Tom Lohr lives in New Mexico, where he explores the region with his canine sidekick, Ella the Brown Wonder.
Shake, Rattle, and Roll
Rattlesnakes strike fear into the hearts of humans, mostly due to the over-dramatization of their behavior in Westerns. Make no mistake, rattlers can be dangerous and even deadly, but they are not the reptilian equivalent of being chased through the woods by Sasquatch. Given the room and respect they deserve, rattlesnakes are no reason to end your hike early. Simply assess the situation and take appropriate action.
Rattlesnakes like to eat. Humans are far too large for them to tackle. Rattlesnakes do NOT want to eat you; that is boa constrictor territory. What they do eat are mainly rodents. Snakes are an important part of the ecosystem and help keep the rodent population under control. While most species American rattlesnakes are not endangered, you should not kill a rattlesnake unless you have absolutely no other choice.
Rattlesnakes cannot hear. But they are super sensitive to ground vibrations. If they can sense a rabbit hopping nearby, they can darn sure detect a human plodding through their territory. Once they feel threatened, they will coil up and try to warn you off by shaking their rattle. That sound means “back off buddy.” You should listen to the snake. At that point the snake already has you targeted, but would prefer to save its venom for something it can actually eat. If you find yourself in this situation, stop; allow the snake to calm down. After that, slowly back off and out of range of the snake. Rattlesnakes can only strike about a third to half the distance of their overall length, but that is very hard to determine while they are coiled up.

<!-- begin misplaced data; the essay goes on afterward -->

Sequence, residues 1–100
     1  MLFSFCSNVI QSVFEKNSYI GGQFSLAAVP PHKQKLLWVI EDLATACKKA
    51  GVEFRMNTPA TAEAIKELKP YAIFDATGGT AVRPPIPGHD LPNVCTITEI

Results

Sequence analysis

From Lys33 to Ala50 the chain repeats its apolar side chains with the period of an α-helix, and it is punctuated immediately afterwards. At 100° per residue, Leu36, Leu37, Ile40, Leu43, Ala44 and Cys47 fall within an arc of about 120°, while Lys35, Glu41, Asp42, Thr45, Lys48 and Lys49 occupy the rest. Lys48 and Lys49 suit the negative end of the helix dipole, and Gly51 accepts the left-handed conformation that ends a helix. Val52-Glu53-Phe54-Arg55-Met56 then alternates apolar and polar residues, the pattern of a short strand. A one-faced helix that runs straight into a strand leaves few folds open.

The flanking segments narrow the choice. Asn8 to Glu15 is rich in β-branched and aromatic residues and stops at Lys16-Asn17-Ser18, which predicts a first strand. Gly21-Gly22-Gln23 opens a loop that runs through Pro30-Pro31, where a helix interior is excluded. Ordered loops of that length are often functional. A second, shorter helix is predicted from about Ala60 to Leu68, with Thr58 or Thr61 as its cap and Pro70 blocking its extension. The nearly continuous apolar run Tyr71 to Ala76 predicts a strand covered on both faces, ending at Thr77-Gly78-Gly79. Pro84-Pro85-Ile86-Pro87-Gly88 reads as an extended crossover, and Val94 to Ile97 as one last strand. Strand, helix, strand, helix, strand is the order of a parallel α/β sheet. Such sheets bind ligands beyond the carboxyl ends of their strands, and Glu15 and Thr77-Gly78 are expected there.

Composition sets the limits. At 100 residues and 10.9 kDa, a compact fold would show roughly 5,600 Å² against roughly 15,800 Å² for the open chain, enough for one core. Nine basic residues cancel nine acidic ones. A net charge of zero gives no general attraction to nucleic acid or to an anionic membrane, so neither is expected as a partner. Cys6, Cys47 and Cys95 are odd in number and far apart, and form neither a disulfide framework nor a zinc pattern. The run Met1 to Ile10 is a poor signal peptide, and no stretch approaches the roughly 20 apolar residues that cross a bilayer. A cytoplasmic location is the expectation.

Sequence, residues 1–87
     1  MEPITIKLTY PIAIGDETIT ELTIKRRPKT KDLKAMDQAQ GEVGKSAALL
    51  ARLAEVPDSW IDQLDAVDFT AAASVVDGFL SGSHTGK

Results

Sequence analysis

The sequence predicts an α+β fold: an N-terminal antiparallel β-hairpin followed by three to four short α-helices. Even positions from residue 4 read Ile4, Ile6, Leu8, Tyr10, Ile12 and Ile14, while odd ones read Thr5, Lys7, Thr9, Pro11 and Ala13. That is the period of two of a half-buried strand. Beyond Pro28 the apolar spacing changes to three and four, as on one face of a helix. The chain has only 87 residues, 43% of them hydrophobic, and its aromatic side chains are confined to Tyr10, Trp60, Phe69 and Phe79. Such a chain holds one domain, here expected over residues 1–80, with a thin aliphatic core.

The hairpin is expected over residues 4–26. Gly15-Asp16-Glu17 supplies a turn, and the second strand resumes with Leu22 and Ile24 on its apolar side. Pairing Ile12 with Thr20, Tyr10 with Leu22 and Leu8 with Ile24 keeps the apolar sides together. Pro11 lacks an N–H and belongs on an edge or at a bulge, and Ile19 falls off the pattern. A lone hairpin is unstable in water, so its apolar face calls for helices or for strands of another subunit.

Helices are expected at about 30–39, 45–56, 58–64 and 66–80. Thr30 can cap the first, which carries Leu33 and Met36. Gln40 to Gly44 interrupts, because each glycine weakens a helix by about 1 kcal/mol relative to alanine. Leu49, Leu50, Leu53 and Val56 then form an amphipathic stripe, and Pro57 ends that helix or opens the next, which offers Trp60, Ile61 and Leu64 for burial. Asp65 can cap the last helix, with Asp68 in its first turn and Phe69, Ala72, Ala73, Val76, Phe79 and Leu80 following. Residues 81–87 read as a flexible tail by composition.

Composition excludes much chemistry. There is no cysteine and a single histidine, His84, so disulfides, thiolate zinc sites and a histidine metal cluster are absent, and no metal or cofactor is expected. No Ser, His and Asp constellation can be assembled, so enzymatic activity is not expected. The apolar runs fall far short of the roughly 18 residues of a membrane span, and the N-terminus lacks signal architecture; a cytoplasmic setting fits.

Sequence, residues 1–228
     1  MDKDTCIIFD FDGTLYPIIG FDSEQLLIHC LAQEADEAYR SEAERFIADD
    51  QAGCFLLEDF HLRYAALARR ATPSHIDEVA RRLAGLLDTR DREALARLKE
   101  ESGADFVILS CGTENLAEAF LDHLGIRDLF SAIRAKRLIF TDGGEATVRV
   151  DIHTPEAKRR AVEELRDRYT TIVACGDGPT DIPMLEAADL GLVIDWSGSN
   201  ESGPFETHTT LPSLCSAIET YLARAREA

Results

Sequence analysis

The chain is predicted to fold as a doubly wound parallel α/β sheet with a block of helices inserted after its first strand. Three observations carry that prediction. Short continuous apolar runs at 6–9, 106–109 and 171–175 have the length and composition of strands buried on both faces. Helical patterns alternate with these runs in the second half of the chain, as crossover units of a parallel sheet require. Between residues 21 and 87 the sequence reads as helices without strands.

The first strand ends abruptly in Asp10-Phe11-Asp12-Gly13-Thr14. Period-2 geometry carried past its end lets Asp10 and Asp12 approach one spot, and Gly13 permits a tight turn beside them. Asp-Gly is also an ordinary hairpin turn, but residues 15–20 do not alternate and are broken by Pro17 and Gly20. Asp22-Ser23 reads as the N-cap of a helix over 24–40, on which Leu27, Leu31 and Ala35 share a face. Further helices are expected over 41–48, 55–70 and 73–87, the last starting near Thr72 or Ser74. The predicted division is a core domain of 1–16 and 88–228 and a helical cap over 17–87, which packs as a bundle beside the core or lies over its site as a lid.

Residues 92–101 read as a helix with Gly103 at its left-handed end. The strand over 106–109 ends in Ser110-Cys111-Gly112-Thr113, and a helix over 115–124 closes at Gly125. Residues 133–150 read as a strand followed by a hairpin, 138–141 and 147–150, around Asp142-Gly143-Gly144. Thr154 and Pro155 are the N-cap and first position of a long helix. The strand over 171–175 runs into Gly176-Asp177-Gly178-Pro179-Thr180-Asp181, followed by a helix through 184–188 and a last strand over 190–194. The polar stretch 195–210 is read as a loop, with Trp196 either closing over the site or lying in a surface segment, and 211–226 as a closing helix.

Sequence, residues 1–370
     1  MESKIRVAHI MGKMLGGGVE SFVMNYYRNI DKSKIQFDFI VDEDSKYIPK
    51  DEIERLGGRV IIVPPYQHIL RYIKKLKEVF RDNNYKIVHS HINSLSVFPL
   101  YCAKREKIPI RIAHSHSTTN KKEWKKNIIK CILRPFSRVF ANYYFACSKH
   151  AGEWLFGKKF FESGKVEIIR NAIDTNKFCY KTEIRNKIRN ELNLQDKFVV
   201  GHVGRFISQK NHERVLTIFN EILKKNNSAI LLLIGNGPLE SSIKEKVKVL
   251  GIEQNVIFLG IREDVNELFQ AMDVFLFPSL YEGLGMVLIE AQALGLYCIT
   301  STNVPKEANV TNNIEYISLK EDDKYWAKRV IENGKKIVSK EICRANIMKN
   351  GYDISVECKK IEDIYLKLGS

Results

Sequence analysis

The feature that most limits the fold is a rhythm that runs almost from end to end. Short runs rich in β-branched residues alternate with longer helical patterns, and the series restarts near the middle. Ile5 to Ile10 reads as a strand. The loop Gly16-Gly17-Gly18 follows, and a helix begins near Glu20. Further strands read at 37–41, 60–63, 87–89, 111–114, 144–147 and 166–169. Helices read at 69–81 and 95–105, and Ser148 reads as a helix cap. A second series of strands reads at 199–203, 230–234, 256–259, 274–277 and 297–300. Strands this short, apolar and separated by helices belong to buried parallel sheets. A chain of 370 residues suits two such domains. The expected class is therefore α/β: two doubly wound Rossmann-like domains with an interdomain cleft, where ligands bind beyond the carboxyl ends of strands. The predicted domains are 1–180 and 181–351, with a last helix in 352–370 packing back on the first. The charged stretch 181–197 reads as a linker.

The Best Defense
The best strategy is to avoid contact with rattlesnakes at all. Know when you are in rattlesnake country and take the following precautions:
- Always look several yards ahead of your intended walking path. Look for snakes either stretched out on the path or coiled up near it.
- Also watch where you step, if you have to step over a log or rocks, check it out first. Prod with your trekking pole if necessary.
- Give any snakes you sight a wide berth.
- Do not throw rocks or antagonize a snake.
- Consider a pair of snake gaiters if the area is known for poisonous snakes.
- Rattlesnakes hunt at night. If you are venturing outside of your campsite after dark, take a flashlight and scan the area in front of you as you walk.
If You Are Bitten
Make no mistake, being bitten by a rattlesnake is a medical emergency. Without seeking treatment, you could suffer severe internal injury or possibly die. On the positive side, about 25% of rattlesnake bites are dry, meaning no venom was introduced into your body. And more people die of bee stings than rattlesnake bites.
In the unfortunate event that you meet the business end of one of these serpents, do the following:
- Move immediately away. Rattlesnakes can strike more than one.
- Try to take a picture of the snake's head using the zoom function on your camera of phone. This will help medical personnel identify the type of rattlesnake (there are about 30 different species) and use the correct anti-venom.
- Remove any restrictive clothing or jewelry. Your body will begin to swell and you do not want to cut off any circulation.
- Keep the bitten area below the level of your heart.
- Do not wash the wound or try to suck out the venom (that only works in western movies). Washing it removes venom the hospital could use to identify the type of snake that bit you.
- Call for an ambulance immediately. You need to seek medical treatment ASAP.
- Hiking out is not recommended as it helps spread the venom throughout your body. But in some cases, this may be your only choice. That is one reason they say, “do not hike alone.”
- You may feel fine or very little effect for the first hour or so, but the symptoms will worsen over time as the venom attacks your organs.
Use Caution, But Don't Get Too Rattled
Rattlesnakes are not to be feared, but respected. Do not let them cancel or change your outdoor plans; just know how to avoid them and what to do if you are bitten. And remember to seek treatment immediately after the strike. Victims have experienced kidney failure, had to have portions of their intestines removed, and even suffered strokes due to shock. Respect the snake.
This content is accurate and true to the best of the author’s knowledge and is not meant to substitute for formal and individualized advice from a qualified professional.